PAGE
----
Bahrain’s King and his family are Sunni Arabs. Most of the Bahraini population consists of Shia Muslims and foreign workers. The Shias have long-standing complaints of discrimination against them in jobs, housing and social acceptance.
“Bahrain’s leadership has taken many brave steps forward in the last year to show that democracy is alive in the kingdom, but this move seems to take us back to stage one,” Fulad said, adding:
“I believe this is a time for the second phase of dialogue and to concentrate on HRH the Crown Prince’s seven points. At the same time, reforms should be stronger so that people will believe reform is happening.”
Meanwhile, human rights defenders, medics, students and others targeted by the Bahraini government in its crackdown on pro-democracy efforts continue to face abusive detention despite growing calls for their release.
One of those calls came from United Nations High Commissioner for Human Rights Navi Pillay called for the unconditional release of all Bahraini detainees imprisoned after a military trial. Human Rights First (HRF) noted that the Bahraini government had failed to comply with that request and, in fact, “is taking steps to delay the appeals of those accused.”
“Yesterday, a group of students from the University of Bahrain who were sentenced to 15 years each by the military court had their appeal hearing postponed until March. Five of them remain in Bahrain’s Jaw Prison,” said HRF’s Dooley.
“Their case and others like it make clear that Bahrain’s leaders are ignoring key calls for reform issued by Commissioner Pillay and even the Kingdom’s own Bassiouni Commission,” he said.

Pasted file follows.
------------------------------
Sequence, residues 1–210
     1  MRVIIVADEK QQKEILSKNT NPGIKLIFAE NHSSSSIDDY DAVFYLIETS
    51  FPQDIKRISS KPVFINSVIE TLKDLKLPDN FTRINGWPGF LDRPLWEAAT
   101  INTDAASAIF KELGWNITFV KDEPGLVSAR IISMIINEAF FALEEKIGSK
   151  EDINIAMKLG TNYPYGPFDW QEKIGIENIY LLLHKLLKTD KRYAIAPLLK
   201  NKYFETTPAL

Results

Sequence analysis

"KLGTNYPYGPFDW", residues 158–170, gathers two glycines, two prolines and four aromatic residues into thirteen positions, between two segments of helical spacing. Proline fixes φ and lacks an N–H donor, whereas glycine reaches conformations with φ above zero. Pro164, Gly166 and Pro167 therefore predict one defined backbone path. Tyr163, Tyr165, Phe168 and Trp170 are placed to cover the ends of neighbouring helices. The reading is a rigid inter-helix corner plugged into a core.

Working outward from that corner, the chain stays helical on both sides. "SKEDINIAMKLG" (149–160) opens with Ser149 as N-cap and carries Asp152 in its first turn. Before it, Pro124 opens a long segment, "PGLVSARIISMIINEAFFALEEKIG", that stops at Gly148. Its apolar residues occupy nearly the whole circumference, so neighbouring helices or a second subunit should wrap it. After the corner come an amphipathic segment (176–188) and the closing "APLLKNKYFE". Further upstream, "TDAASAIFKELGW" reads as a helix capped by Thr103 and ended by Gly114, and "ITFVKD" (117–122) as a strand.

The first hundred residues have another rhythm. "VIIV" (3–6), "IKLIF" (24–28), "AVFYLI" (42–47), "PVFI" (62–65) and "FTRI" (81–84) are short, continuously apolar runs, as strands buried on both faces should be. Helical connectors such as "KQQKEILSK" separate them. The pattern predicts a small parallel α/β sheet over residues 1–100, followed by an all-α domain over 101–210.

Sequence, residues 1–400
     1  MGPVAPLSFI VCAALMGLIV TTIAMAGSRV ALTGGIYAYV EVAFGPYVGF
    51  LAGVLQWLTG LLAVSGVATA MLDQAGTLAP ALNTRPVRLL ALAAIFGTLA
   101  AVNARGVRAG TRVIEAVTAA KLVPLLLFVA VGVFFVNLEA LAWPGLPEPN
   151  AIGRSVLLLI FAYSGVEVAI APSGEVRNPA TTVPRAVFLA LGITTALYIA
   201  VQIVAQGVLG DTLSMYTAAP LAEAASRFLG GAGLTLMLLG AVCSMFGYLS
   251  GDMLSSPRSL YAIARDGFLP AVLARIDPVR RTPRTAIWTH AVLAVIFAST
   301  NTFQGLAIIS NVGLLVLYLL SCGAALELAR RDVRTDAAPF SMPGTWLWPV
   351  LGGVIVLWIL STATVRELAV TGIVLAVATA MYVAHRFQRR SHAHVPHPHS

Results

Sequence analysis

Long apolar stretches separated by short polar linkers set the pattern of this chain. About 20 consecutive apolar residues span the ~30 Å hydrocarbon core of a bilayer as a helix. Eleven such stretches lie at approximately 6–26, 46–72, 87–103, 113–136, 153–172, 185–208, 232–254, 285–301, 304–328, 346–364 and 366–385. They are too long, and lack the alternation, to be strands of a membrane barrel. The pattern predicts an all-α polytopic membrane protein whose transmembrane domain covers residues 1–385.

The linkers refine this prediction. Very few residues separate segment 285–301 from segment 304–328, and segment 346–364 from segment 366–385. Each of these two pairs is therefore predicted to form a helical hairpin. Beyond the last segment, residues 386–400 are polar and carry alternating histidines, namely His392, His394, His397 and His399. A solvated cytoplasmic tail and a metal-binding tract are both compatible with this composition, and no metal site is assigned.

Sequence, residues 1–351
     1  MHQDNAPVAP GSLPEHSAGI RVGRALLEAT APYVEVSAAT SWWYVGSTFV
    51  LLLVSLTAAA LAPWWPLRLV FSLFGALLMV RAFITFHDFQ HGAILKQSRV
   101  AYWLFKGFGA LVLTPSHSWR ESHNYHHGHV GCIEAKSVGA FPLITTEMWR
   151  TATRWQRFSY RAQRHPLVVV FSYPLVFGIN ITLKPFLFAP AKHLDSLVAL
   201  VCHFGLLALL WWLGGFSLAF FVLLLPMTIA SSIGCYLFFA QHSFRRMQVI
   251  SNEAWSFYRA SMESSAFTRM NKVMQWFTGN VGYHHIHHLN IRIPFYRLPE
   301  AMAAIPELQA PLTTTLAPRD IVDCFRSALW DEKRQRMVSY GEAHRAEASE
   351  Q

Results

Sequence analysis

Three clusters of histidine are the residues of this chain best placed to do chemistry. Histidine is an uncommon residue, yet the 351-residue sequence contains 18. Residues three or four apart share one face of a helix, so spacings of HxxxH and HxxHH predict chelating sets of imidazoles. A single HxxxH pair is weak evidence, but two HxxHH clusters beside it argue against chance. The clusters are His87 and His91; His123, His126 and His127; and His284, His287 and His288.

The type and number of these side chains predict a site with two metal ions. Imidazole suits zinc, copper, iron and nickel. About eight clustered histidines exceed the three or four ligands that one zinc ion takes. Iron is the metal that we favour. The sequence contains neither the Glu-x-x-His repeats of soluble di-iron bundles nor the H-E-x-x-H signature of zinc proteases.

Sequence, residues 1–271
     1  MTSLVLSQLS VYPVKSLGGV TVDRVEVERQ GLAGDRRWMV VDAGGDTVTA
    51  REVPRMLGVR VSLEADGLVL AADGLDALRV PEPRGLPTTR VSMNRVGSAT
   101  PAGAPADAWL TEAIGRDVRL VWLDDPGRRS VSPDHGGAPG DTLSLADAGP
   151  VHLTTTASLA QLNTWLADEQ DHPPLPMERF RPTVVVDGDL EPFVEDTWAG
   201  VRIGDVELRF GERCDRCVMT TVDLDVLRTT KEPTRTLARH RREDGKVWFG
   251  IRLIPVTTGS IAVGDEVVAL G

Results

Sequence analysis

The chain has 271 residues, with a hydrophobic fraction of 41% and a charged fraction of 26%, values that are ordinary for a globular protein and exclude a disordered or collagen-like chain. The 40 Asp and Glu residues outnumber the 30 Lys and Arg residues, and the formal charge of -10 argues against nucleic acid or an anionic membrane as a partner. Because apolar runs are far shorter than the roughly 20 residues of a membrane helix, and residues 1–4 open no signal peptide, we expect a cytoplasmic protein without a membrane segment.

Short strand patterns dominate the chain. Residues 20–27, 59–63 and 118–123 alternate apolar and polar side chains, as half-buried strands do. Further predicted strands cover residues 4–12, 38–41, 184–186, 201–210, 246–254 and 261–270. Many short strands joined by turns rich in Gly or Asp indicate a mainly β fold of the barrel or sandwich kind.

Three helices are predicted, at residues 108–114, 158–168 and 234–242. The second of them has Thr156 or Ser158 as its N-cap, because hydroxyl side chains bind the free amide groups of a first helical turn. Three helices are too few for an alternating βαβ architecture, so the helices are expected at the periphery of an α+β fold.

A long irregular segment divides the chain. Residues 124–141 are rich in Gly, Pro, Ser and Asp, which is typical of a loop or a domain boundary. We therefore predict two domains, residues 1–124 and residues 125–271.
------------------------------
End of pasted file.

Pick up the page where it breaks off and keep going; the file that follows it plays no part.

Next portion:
In addition to the students, the Bahrain regime continues to contest the appeals of others sentenced by the military court, including 20 medics who appear to have been prosecuted for treating injured protestors and telling the media about the nature and extent of injuries.
Dr. Nada Dhaif is one of the medics sentenced to 15 years after a trial in military court. Dr. Dhaif was summoned by the police for a four-hour interrogation on December 25. During that interrogation, she was warned to keep a low profile, an apparent government response to her decision to speak with the media and human rights organizations about how she and others were tortured in detention.
Dr. Dhaif told Dooley, “I am being targeted for telling the world the continuing truth about Bahrain. Members of my family are also being harassed by the regime. I have only ever advocated peaceful reform but am being threatened for my human rights advocacy.”
Local human rights activists also report ongoing concerns about treatment in custody. Hassan Oun, aged 18, was rearrested today after speaking to a local human rights organization. During previous interrogations, Oun said he was raped by a security officer.